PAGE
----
Patent application title: PROCESS FOR TEXTURING THE SURFACE OF A SUBSTRATE HAVING A GLASS FUNCTION, AND GLASS PRODUCT HAVING A TEXTURED SURFACE
Emilie Viasnoff (Sèvres, FR)
Anne Durandeau (Paris, FR)
Bernard Nghiem (Arsy, FR)
Bernard Nghiem (Arsy, FR)
Herve Montigaud (Neuilly Sur Marne, FR)
David Le Bellac (Paris, FR)
SAINT-GOBAIN GLASS FRANCE
IPC8 Class: AC03C1500FI
Class name: Structurally defined web or sheet (e.g., overall dimension, etc.) including variation in thickness composite web or sheet
Publication date: 2010-08-19
Patent application number: 20100209673
Surface texturing process, i.e. one for the formation of at least one
array of features with a characteristic dimension on at least one surface
portion of a substrate having a glass function, characterized in that a
solution containing at least one precursor of a material to be deposited
is dissociated, at atmospheric pressure, within a flame, said flame being
directed toward said surface portion so as to deposit, in the form of a
plurality of nodules based on said material, a mask, said mask of said
material being subjected to an etching step.
1. A surface texturing process for the formation of at least one array of
features with a characteristic dimension on at least one surface portion
of a substrate having a glass function, wherein a solution containing at
least one precursor of a material to be deposited is dissociated, at
atmospheric pressure, within a flame, said flame being directed toward
said surface portion so as to deposit a mask, in the form of a plurality
of nodules based on said material, said mask of said material being
subjected to an etching step.
2. The texturing process as claimed in claim 1, wherein the etching step is assisted by an atmospheric-pressure plasma.
3. The texturing process as claimed in claim 1, wherein the etching step is assisted by a vacuum etching technique or a plasma etching technique.
4. The texturing process as claimed in claim 1, wherein the surface portion of the substrate is preheated to a moderate temperature below 350.degree. C.
5. The texturing process as claimed in claim 1, wherein the precursor of said material is injected in the form of a spray into the flame.
6. The texturing process as claimed in claim 1, wherein the mask of said material is deposited on a surface portion of a substrate precoated with at least one coating based on a second material.
7. The texturing process as claimed in claim 1, wherein the mask of said material is deposited on a surface portion of a bare substrate.
8. The texturing process as claimed in claim 1, wherein a relative movement is established between the substrate and the flame.
9. The texturing process as claimed in claim 8, wherein the movement may be at a constant speed, so as to guarantee reproducibility, or with one or more variable speeds adjusted so as to obtain various structurings.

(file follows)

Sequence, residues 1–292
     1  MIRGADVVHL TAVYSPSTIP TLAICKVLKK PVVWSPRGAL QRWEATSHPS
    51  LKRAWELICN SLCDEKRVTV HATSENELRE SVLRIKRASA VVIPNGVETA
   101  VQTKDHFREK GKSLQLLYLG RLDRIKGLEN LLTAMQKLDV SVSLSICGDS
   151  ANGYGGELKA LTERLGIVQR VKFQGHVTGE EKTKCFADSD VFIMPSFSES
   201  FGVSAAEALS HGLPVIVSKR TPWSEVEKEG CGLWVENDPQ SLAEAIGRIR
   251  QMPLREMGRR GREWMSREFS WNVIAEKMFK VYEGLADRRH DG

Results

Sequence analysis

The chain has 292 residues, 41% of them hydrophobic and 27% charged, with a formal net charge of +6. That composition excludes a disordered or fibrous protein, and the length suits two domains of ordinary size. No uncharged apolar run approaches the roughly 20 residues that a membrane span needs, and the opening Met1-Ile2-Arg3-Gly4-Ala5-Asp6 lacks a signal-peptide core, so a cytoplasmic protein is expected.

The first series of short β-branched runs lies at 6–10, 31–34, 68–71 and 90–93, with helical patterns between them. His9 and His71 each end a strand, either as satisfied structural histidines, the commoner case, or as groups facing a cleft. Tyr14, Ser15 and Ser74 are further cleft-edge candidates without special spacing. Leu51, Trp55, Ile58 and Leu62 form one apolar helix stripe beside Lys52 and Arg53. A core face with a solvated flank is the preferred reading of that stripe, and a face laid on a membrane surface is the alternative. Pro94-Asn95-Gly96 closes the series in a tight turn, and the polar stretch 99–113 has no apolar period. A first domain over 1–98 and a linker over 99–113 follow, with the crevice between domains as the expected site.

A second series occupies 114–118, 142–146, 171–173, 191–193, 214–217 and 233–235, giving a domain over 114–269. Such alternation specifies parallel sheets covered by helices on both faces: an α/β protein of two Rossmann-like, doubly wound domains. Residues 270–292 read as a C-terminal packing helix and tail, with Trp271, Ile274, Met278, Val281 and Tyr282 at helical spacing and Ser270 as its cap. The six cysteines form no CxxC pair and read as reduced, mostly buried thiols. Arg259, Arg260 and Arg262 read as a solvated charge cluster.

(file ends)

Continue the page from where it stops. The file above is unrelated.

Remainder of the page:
10. The texturing process as claimed in claim 1, wherein at least one of the characteristic dimensions of the features is less than 1 mm.
11. The texturing process as claimed in claim 1, wherein the texturing forms an array of projections and/or an array of elongate features, the features being optionally inclined.
12. A substrate having a glass function, which is obtained by the method as claimed in claim 1.
13. The substrate having a glass function as claimed in claim 12, wherein one of the characteristic dimensions (w) is of micron or submicron size.
14. The substrate having a glass function as claimed in claim 12, wherein each feature is defined by a height h, a width w and a distance d, the distance d being chosen between 10 nm and 1 mm and the aspect ratio h/w being chosen to be equal to or less than 10.
15. The substrate having a glass function as claimed in claim 12, wherein it is intended to be used in buildings or in automobiles, or is hydrophobic or hydrophilic glazing.
The present invention relates to the field of surface texturing and
is intended in particular for a process of texturing the surface of a
glass product, for a textured glass product and for its uses.
The texturing of materials is of considerable interest as it is applicable in many technological fields.
By creating an array of geometric features it is possible to give a material a new and novel function without changing its composition and its volume properties.
The writing of a periodically replicated feature has thus already been employed on glass products (either directly on the glass substrate or on a coating) in the case of millimeter-size features or even those of the order of one tenth of a millimeter in size, especially by lamination, laser etching or chemical etching techniques.
For features of smaller characteristic dimensions, especially with a width or period of micron or submicron size, the texturing techniques are in a great majority of cases lithographic techniques (optical lithography, electron lithography, etc.) which are used in microelectronics for producing integrated optic components.
However, these techniques are inappropriate in processes for manufacturing bulk glass products for one or more of the following reasons: their high cost; their slowness (scanning motion) and their complexity (comprising several steps); the size of the features is limited (by the wavelength); the small size of the structurable surfaces.